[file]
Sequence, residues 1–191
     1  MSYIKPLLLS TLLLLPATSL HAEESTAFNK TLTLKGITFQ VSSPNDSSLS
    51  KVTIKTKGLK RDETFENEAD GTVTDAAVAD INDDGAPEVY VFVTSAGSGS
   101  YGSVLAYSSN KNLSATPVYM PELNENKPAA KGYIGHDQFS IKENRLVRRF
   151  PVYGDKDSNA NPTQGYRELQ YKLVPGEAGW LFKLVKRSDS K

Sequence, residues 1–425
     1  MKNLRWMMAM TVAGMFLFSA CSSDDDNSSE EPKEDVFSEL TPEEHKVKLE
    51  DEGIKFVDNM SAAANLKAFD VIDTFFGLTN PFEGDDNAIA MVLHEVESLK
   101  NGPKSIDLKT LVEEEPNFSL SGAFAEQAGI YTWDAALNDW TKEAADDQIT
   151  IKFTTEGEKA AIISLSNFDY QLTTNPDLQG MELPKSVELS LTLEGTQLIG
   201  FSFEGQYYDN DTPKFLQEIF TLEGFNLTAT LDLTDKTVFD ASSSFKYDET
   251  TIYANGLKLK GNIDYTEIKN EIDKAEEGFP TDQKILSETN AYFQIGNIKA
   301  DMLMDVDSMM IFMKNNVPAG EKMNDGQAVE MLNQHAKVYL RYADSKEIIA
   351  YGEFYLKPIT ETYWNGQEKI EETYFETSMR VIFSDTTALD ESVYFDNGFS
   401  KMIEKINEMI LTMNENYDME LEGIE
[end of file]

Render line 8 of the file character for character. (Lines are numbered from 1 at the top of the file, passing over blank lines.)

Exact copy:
    51  DEGIKFVDNM SAAANLKAFD VIDTFFGLTN PFEGDDNAIA MVLHEVESLK